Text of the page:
Since my visit last week to Paris, I’ve come down with a sinus infection. The same thing happened the last time I visited Paris, leading Jason to shrug and mutter “Paris syndrom,” as if that’s what I get for leaving the village. That’s basically the opinion of all the villagers (myself included), but luckily it’s not too bad. Gigi happened to have a pile of antibiotics to share, and the old lady Jeanine down the street (by the way, there’s only one street in Le Vignaud) gave me some tablets that she says will make anything feel a little better, and also help me sleep. Self-medication is always more fun when it’s done in a foreign language.
Some family members have been concerned about my future. About how I will Be An Adult. Honestly I’m not too worried about it, but to show that I am at least giving it some thought I have come up with a goal I’d like to accomplish by the time I’m 30. This was inspired by a dream induced by Jeanine’s mysterious meds. And, all my dear aged relatives, by the time I’m 30, in those eight years, I will ride an elephant. Don’t know where, under what circumstances, but that is my goal for adulthood.
The last time I rode an elephant was when I was about 4. I remember we were visiting my mom’s father, probably in New York, and while most of my memories are actually from photographs and I don’t recall what my dress looked like I remember how the dress felt. And I know that on that day I also rode an elephant.
Back to the business at hand, everyone will rejoice in the knowledge that I finally got new pants, and these are good ones. Incidentally, almost the same as Gigi’s pants. They’re fuscia sateen and when I skipped out to the bread truck this morning for my croissants the elderly neighbors didn’t much know what to say, although the various chickens milling about in the street were attracted. I’m sure they just chalked it up to the eccentricities of Americans. The old man across the street was feeling pretty chatty (or should I say the hue of my pants whipped him into a conversational frenzy), but the morning air’s sociability was thwarted by my utter inability to understand a sigle word he said. I felt like talking, but I didn’t feel like doing it in French. My brain just was not going that way; I guess I was too distracted by the bag of croissants I held and the baguette I’d stuck under my arm.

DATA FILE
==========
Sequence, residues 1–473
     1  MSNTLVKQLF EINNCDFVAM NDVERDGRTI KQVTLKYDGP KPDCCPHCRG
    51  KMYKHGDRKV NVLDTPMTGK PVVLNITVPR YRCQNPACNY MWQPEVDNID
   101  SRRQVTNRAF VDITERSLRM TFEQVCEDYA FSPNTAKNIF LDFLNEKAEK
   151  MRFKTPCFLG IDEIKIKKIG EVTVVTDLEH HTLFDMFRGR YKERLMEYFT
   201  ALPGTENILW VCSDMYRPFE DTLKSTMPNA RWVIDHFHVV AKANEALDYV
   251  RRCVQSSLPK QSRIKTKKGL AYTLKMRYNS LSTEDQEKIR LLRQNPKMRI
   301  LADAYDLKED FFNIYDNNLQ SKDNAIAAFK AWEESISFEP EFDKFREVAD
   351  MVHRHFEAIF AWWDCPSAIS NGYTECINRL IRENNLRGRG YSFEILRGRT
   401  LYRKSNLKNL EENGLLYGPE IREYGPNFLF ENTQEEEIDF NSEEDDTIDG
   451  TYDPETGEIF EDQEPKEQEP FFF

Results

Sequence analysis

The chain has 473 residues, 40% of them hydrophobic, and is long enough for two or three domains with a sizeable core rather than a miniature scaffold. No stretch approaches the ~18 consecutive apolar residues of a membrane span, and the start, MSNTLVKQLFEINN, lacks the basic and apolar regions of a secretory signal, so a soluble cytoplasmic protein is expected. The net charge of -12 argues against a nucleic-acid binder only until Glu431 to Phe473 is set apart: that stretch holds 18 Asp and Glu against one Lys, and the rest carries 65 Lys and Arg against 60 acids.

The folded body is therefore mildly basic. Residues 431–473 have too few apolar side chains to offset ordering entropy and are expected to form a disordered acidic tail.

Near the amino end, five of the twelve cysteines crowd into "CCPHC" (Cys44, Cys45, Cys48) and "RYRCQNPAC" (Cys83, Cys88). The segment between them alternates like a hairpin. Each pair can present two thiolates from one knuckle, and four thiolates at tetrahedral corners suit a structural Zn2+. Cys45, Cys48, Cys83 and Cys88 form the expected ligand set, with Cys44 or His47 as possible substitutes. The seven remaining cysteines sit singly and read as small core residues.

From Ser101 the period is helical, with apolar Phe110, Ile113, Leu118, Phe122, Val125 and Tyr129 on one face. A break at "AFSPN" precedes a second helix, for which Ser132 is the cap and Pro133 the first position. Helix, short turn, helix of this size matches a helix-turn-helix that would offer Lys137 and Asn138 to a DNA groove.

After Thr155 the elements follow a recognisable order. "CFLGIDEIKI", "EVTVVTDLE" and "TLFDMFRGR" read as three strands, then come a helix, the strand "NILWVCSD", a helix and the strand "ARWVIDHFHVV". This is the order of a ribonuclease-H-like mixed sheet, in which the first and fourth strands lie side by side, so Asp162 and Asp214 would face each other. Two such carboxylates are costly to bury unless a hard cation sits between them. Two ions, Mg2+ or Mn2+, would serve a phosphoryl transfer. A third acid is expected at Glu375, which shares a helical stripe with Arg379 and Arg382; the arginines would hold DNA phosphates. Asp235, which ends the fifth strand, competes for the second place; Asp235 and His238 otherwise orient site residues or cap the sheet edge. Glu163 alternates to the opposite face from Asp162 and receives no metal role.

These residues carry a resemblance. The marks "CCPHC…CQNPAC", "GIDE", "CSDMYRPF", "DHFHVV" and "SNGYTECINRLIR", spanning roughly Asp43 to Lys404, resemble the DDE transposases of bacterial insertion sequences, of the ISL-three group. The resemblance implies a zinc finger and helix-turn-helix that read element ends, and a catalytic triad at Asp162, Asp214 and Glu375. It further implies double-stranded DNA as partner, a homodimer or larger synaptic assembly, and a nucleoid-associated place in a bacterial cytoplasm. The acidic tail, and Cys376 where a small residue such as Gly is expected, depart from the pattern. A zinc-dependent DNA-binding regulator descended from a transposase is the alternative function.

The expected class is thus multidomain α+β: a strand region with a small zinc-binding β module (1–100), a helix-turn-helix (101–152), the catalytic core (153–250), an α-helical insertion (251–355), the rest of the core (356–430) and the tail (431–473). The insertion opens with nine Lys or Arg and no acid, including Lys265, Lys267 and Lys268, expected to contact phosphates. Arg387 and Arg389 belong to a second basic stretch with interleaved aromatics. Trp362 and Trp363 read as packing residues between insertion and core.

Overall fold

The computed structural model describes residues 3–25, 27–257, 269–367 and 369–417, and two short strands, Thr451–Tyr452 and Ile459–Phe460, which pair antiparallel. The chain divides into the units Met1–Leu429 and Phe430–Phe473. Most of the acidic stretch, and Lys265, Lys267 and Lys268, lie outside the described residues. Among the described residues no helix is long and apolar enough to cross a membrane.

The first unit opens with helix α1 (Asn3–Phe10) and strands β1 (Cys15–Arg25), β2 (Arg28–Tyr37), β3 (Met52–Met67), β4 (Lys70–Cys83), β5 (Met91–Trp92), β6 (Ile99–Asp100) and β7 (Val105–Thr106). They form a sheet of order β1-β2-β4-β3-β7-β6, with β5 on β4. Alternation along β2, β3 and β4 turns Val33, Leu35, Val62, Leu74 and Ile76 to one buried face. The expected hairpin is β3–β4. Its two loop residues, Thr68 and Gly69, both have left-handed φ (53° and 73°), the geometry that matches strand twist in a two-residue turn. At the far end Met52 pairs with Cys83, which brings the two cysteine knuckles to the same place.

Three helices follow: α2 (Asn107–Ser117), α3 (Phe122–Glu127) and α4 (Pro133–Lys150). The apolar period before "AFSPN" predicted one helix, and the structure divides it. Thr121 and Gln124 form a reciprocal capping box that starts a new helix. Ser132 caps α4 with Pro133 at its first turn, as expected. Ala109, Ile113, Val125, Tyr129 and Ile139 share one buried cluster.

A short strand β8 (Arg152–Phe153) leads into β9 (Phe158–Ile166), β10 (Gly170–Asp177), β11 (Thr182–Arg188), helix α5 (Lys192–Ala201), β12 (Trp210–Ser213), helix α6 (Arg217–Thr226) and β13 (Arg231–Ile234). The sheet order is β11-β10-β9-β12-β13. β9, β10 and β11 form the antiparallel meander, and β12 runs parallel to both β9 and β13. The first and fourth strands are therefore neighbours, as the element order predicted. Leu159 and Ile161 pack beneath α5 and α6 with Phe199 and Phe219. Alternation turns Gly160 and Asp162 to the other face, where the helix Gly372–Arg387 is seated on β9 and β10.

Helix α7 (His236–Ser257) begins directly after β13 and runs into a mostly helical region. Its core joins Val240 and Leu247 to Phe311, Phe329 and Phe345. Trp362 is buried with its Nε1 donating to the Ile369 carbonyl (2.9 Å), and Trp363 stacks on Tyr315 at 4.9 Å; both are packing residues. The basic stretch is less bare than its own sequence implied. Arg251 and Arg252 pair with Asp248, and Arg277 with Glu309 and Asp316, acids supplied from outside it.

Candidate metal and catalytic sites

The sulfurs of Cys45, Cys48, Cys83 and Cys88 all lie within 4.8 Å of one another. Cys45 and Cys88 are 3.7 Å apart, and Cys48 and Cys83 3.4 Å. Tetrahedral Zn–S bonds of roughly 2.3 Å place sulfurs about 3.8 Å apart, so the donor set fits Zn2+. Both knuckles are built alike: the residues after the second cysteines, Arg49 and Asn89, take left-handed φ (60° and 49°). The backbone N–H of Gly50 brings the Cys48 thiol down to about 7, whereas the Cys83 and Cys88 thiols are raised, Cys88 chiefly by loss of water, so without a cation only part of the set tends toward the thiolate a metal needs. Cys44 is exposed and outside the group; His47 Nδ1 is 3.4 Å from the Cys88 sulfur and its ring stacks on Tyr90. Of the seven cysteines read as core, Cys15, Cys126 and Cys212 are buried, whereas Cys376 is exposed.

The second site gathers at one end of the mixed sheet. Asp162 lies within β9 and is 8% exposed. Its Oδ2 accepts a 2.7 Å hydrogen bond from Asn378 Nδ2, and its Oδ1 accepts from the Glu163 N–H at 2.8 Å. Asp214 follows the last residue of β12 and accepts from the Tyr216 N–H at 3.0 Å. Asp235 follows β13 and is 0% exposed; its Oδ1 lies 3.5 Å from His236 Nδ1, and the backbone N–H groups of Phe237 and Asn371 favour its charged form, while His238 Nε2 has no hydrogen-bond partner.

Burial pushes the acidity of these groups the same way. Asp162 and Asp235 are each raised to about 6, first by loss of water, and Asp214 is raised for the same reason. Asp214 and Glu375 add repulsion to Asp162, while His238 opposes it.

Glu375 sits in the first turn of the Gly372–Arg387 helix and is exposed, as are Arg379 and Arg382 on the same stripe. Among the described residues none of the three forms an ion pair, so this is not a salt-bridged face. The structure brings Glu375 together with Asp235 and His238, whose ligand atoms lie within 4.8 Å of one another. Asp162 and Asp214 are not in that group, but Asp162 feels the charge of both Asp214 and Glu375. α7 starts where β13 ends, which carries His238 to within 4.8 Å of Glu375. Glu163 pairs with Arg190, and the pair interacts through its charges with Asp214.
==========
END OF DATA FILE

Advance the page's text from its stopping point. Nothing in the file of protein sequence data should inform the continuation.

And speaking of Americans, Izzy just re-arrived in Le Vignaud, so now we are three. Gigi has gone up to England for a few days so I am holding down the Gueret fort, making sure her apartment maintains that nice lived-in atmosphere. It’s been too cold and rainy for bathing in the lake, so I’ve made good use of Gigi’s shower. And her place actually has a roof, so there’s no dirt blowing in or rain dripping down from that giant hole above the attic. So with my new pants and my clean feet, I’m starting to feel like a city girl again, the city of Gueret (which is funny for those who have seen Gueret; it’s like Metairie but it’s my metropolis). We’ll just see how the pants match the backpack.